Adam Corsini

Archaeology Collections Manager,
Archaeological Archive

Alternative facts in the Archaeological Archive

One thing we love to do at Museum of London object handling events is give our visitors a chance at guessing ‘mystery’ objects. Some people get things straight away, other times, visitors come up with the most imaginative and fantastic guesses, guesses that make us wish they were true. Below is a mystery object from our Archaeological Archive, and three guesses at its purpose. One is correct, the other two are false (but are genuine guesses from visitors ). See if you can work out the truth.

This mystery object in the archaeological object is a clay spindle with a narrow centre and flared edges,

Mystery object, 79 millimetres long

What was this clay spindle used for? ID no. A3522

This left handprobably belonged to a statue of heroic size. It shows traces of gilding. It was found at Gracechurch Street, Cornhill, London.

Left hand of a Roman bronze statue

Could the finger positions demonstrate correct yo-yo technique? ID no. 2079

Alternative 1: Ancient Roman toy

The above object dates from the early Roman period and is made from white clay, the same type that you might have seen used to make Roman Venus figurines, or in more recent times, clay tobacco pipes. The clay has been rolled so as to curve inwards towards to centre and each end has been flattened. A piece of string would be tied tightly around the centre of the object. These objects are always symmetrical to help the object balance as it rolled up and down the string because this is a Roman yo-yo.

This wig has a linen base and brown-blonde human hair in a ponytail. It is part of a set of male clothes and accessories for a lay figure used and made by artist Louis François Roubiliac.

Wig, about 1750

This wig has a linen base & human hair in a ponytail. ID no. 29.130b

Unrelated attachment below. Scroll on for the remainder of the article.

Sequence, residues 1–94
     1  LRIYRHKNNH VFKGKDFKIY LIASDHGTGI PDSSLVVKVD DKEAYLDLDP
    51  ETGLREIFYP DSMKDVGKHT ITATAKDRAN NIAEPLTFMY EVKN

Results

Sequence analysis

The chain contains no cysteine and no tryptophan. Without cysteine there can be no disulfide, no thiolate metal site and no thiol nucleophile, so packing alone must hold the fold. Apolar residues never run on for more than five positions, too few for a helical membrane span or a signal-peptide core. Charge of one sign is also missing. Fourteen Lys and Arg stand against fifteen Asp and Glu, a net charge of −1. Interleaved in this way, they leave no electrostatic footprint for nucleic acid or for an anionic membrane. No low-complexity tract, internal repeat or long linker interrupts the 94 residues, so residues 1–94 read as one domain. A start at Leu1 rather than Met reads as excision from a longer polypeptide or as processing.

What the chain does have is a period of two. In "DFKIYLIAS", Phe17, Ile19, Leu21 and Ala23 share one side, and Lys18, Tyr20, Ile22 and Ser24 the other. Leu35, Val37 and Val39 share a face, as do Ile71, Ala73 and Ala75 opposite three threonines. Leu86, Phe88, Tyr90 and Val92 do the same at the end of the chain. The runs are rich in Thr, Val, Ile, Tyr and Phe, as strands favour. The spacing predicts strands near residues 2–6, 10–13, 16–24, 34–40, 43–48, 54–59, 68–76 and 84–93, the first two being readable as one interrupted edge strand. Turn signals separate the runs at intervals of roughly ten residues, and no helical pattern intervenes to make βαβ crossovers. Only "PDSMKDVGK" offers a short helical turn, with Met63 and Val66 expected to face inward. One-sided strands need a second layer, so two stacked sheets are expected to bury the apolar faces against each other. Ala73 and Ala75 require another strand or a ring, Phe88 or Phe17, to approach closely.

Alternative 2: Restoration fashion accessory

This object dates from the mid-17th century. From the late 16th century wigs were become increasingly fashionable, reaching a high point following the return of Charles II to the throne. Consequently wig making became an important industry and in order to make a beautiful wig with plenty of curls, you would need a good supply of these - the wig curler. Hundreds of these have been excavated throughout archaeological sites and occasionally you even find the initials of the maker stamped onto the ends.

Customised products were made for export to the European market by Chinese manufacturers.

Chinese tea bowl, 18th century

Porcelain was specially made in China for export to Europe. ID no. 57.51/170a

Alternative 3: East End tableware

These small clay objects are commonly excavated in late 19th century contexts on sites around Limehouse and the East End. At this time a large number of people from east Asia, especially seamen, settled in the area, and a Chinese community began to form. Seizing the opportunity for business, clay tobacco pipe makers began producing these objects using the same clay that formed their pipes, marketing them as chopstick rests.

Take your guess, then click the arrow below to reveal the real answer.

This mystery object in the archaeological object is a clay spindle with a narrow centre and flared edges,

It's a 17th century wig curler!

But the ancient Romans did know about yo-yos, and there was a vibrant Chinese community in the East End.

Find out more about our Archaeological Archive or visit our object handling sessions to try this in person.